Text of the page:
Community Collaboration for Comprehensive Education

Waltham High School
Waltham, MA

Due to a rapidly growing population and an aging facility, the City of Waltham’s existing high school had proven unable to adequately accommodate the needs of their student body. In particular, the City is a hub for immigration, resulting in a student body population that grows throughout the academic year. In addition to space concerns, there was a desire to upgrade facilities for vulnerable populations, as many of these new students enter the school system often having experienced interruptions in their formal education. The District sought a school that would address these concerns, including greater space and amenities for academic and vocational programs such as culinary arts. 

The new 414,800 sf, four-story, energy-efficient school organizes all academic and supplementary programs into teaching and learning clusters centered around core commons spaces for increased collaboration and engagement among the student body. A multi-story Dining Commons hall connects the front door through the building to the Auditorium and Gymnasium while lending a vibrant sense of community and visibility to the overall school environment. The school will also feature a “Newcomer Academy” geared toward educating the District’s increasing SIFE (Students with Interrupted Formal Education) population.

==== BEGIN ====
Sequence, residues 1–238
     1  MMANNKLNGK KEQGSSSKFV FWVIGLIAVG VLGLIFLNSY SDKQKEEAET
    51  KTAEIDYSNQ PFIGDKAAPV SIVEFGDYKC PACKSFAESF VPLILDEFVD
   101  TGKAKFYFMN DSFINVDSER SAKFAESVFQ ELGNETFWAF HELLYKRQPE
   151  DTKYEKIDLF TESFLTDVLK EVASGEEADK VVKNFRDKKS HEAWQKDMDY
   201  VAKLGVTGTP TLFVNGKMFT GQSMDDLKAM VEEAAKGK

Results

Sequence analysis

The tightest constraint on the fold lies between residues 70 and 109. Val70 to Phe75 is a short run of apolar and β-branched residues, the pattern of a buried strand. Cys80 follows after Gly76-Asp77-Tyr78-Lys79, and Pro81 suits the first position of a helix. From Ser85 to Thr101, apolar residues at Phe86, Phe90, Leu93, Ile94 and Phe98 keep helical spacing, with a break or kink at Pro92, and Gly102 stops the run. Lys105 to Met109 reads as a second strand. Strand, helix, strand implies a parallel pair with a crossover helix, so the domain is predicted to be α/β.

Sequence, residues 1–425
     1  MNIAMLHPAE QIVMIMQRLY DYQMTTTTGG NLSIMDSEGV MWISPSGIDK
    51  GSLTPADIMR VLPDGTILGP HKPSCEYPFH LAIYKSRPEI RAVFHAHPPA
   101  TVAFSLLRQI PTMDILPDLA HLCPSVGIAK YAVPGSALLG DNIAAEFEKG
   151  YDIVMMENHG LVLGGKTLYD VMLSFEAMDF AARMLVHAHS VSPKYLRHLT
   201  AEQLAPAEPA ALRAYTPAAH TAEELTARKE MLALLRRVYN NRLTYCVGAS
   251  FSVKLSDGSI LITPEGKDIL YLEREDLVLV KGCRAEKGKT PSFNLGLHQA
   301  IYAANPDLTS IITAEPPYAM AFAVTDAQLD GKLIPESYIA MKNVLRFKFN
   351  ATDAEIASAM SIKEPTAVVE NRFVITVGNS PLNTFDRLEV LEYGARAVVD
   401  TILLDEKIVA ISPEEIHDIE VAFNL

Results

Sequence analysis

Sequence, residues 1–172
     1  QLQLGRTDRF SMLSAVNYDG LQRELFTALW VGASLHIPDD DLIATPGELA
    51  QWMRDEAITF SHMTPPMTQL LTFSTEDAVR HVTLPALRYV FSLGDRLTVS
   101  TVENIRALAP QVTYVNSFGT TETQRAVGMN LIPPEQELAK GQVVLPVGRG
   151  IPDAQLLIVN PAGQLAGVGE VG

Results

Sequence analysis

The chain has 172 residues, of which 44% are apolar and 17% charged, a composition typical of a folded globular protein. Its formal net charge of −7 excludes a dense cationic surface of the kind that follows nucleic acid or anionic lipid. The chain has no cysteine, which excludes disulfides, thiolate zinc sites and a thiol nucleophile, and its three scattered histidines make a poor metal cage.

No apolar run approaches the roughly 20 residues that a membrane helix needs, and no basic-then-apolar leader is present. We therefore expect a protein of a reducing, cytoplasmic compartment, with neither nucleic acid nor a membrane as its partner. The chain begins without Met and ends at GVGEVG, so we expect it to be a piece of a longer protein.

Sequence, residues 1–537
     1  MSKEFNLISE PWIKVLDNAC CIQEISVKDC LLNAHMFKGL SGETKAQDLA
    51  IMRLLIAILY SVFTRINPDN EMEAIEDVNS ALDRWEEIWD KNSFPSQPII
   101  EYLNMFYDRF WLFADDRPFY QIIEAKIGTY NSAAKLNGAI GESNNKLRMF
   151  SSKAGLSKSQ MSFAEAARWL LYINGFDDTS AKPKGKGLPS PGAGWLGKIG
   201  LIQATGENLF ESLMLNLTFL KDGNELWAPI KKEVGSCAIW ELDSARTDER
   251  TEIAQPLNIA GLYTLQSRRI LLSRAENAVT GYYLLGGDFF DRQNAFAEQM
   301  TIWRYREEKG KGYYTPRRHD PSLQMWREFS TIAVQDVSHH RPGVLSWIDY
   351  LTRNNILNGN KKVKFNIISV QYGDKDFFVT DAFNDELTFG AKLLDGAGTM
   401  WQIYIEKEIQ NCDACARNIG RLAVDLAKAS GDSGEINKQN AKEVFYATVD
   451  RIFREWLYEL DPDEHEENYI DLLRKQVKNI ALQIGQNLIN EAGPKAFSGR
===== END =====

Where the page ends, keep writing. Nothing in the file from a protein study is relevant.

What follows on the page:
Following an intensive visioning process and research, SMMA’s team was able to incorporate design elements that reflect Waltham’s past, present, and future.

The high school broke ground in September 2020, and is scheduled for completion in 2024. 

Future-Forward Vision

From the outset, the SMMA team was able to connect with a wide range of constituents for a robust visioning process, involving school and district staff, community partners, and students. SMMA hosted a series of visioning meetings over the course of three months. The visioning process helped identify the educational goals for the project to ensure that the district and the larger community goals were working in alignment. Programmatically, the desire to evolve the District’s approach toward more progressive project-based and student-centered learning pedagogy was a key component in shaping the educational plan.

The visioning process spurred the school and the district to acquire a series of grants that were focused on the development and integration of the project-based learning model. The City of Waltham received a Nellie Mae grant to educate teachers and help establish the pedagogical model necessary for project-based learning. As a result, they developed a pilot program called the Change Makers Academy comprised of a subset group of teachers and students to initiate a project-based curriculum that will be employed throughout the school moving forward.

Comprehensive Learning Community

SMMA worked closely with the District on a plan to organize the school into four clusters of learning that integrate both academic and Career and Technical Education (CTE) coursework, including the Humanities, STEAM, Fine and Performing  Arts, and Health and Wellness, and Athletics. To round out these clusters and align with current workplace trends, the project includes provisions for fourteen CTE programs, including four new programs for the school: Cosmetology, Web Development and Programming, HVAC, and Environmental Science. As part of the programming process, SMMA coordinated submissions to the Department of Elementary and Secondary Education in support of these new areas of instruction.